LAS VEGAS – A
networked society in which everyone and everything will be connected in real
time will transform industries and societies, and it’s not far away, Ericsson president/CEO
Hans Vestberg said yesterday during a keynote speech.
benefits from being connected will be connected in the future,” said the head
of the company that built 40 percent of the world’s deployed mobile
said, 85 percent of the world’s population is covered by mobile wireless
networks, and that will rise to more than 90 percent by 2015.
In the connected
society, cars will be equipped with wireless 4G LTE chips that alert nearby cars
in real time to potential hazards, thanks to LTE’s 5x greater latency over 3G,
Vestberg said. Ericsson will outfit more than 400 cargo ships operated by
Maesrk Lines, the world’s largest shipping company, with 4G LTE to monitor all
their vessels around the world in real time and reduce fuel consumption.
networking has already transformed Formula One racing, whose vehicles are
outfitted with sensors that transmit vehicle data in real time to computers to give
drivers an edge, said MIT professor Carlo Ratti, who briefly joined Vestberg on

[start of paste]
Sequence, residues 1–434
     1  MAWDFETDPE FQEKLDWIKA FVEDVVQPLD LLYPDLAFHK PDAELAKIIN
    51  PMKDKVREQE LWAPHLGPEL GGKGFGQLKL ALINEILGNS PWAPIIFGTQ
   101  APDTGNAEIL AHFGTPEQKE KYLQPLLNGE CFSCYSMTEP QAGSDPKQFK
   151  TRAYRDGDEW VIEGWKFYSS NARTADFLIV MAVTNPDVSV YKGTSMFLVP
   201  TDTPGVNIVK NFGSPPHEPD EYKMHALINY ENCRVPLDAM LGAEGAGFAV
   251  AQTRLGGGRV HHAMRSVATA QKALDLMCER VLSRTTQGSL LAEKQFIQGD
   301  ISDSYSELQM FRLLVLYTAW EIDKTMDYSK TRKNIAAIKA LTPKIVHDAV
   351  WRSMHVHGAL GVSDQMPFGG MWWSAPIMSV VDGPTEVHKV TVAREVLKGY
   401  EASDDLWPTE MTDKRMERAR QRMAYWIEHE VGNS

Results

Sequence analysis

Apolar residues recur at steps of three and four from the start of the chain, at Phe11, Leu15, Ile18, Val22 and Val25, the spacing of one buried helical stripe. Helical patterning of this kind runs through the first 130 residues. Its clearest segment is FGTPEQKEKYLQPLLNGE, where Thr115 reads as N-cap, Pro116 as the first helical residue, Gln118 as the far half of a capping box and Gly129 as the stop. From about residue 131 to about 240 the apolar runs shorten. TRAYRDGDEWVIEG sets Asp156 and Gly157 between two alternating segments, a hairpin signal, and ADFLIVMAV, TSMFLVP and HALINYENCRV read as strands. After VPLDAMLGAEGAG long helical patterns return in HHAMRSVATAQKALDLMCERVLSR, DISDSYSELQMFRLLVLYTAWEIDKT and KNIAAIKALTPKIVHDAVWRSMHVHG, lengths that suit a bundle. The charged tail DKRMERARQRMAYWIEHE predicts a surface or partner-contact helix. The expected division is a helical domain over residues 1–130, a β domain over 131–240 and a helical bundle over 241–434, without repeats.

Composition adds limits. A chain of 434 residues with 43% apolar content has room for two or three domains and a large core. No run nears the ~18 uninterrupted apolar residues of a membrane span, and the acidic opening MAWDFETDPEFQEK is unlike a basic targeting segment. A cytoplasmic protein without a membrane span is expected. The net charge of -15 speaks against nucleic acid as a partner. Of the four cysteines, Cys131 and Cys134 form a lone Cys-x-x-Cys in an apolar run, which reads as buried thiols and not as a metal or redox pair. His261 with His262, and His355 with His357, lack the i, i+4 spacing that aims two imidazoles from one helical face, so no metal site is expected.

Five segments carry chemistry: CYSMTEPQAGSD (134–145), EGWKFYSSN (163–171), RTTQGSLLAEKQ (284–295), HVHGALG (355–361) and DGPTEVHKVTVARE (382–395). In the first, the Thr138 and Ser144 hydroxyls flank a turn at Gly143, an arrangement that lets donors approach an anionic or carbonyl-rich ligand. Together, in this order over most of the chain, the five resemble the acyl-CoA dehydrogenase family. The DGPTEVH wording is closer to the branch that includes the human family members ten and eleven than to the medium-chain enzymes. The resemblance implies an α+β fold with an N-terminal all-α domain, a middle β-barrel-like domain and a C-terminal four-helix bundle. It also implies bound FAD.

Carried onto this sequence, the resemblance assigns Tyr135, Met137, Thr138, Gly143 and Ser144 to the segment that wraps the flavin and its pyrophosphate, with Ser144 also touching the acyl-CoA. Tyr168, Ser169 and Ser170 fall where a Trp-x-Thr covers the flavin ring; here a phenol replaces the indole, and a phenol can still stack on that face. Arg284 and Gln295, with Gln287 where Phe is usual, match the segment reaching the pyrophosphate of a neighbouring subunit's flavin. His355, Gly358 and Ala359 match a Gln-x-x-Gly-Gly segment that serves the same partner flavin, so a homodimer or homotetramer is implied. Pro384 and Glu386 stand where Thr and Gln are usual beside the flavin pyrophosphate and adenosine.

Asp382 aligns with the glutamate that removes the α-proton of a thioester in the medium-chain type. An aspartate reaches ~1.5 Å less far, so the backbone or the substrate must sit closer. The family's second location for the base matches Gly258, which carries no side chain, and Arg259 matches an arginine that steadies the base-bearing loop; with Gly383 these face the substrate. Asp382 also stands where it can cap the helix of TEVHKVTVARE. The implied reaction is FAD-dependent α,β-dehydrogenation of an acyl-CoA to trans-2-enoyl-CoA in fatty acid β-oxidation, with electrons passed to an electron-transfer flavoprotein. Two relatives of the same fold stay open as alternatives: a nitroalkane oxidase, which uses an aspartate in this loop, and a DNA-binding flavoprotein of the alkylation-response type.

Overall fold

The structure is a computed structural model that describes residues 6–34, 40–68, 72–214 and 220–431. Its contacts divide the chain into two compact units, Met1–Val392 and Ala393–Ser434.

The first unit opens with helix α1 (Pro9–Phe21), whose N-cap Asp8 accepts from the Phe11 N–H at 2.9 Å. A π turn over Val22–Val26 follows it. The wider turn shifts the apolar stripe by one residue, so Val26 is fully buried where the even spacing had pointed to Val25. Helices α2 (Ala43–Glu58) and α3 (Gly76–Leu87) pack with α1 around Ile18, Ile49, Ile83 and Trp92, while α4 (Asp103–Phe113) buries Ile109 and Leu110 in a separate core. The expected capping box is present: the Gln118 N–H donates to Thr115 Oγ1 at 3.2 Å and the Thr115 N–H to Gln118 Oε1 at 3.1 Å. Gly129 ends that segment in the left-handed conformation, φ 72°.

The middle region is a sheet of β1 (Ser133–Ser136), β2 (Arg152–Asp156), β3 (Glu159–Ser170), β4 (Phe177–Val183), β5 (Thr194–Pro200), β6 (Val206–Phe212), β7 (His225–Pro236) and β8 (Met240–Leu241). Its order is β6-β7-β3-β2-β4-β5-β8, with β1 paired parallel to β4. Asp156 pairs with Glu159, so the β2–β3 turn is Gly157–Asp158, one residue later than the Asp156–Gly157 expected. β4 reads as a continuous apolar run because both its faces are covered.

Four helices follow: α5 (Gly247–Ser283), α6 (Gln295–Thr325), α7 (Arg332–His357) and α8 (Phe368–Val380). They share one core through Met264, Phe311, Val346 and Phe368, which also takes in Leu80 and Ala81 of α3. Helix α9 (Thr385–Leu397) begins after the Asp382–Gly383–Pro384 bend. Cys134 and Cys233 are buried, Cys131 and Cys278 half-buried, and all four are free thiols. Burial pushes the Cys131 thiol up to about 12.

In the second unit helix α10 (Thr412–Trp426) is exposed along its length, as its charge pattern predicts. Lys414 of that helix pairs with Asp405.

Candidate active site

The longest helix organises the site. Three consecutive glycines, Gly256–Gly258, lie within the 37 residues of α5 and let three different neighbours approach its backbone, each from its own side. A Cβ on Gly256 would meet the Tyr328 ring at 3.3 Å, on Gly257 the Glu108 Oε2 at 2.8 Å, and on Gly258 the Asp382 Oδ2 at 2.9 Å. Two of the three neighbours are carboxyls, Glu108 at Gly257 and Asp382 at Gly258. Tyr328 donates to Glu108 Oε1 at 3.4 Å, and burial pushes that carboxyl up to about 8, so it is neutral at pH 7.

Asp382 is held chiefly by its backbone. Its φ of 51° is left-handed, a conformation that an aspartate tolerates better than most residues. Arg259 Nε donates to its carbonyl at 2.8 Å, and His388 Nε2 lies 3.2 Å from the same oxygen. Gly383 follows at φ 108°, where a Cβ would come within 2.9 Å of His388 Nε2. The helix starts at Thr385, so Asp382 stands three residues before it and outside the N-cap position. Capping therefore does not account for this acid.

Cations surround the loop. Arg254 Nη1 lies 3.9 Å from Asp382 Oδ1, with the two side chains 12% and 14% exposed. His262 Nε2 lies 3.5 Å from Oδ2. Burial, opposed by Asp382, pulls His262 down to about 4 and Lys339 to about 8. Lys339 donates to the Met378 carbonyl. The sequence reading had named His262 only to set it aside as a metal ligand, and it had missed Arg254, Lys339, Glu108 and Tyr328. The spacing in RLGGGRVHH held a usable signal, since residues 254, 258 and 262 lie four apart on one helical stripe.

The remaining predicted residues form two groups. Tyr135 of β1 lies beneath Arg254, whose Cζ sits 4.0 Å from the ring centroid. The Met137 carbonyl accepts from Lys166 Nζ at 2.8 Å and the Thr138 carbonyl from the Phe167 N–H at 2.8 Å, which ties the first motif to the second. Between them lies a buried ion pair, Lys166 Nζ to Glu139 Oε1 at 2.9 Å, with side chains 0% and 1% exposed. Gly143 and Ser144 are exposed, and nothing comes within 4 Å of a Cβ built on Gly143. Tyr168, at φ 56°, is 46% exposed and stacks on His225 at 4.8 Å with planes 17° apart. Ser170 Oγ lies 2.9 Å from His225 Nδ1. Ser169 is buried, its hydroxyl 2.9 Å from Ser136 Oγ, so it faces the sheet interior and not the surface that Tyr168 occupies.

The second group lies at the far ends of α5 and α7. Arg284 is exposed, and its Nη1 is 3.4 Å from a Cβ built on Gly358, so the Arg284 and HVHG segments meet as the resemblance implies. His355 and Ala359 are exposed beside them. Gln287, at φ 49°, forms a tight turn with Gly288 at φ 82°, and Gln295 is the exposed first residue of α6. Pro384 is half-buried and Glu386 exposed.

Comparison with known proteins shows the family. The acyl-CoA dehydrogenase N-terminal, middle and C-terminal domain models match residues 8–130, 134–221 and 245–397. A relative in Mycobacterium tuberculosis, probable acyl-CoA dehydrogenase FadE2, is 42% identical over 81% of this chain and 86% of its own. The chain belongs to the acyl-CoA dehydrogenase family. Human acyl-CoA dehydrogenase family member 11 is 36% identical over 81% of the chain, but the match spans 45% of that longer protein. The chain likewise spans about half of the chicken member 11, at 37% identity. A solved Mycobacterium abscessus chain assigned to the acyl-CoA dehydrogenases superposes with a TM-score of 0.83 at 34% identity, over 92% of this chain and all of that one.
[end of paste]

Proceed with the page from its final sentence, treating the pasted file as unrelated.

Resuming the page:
stage. “Our environment is starting to behave like real-time control systems,”
thanks to wireless networking and sensor technology, he said.
networking has already transformed the ability of nongovernment aid organizations
in Africa to help refugees find lost family members more quickly, said
Christopher Mikkelsen, co-founder of Refugees United. Mikkelsen joined Vestberg
on stage to outline how Ericsson brings mobile base stations to refugee camps
to provide cellular service.
people themselves will become physical links in the networked society, Vestberg
said, pointing to new capacitive coupling technology being demonstrated at
Ericsson’s booth. Using that technology, people could exchange electronic
business cards from smartphone to smartphone just by shaking hands. People would
also be able to display a smartphone-stored picture on a TV screen simply by
holding the phone in one hand and touching the TV. And people could collect
information about an object just by touching it, he added.
When one person
connects to the network, that person’s life changes, Vestberg said. But “with
everything connected, the world changes.”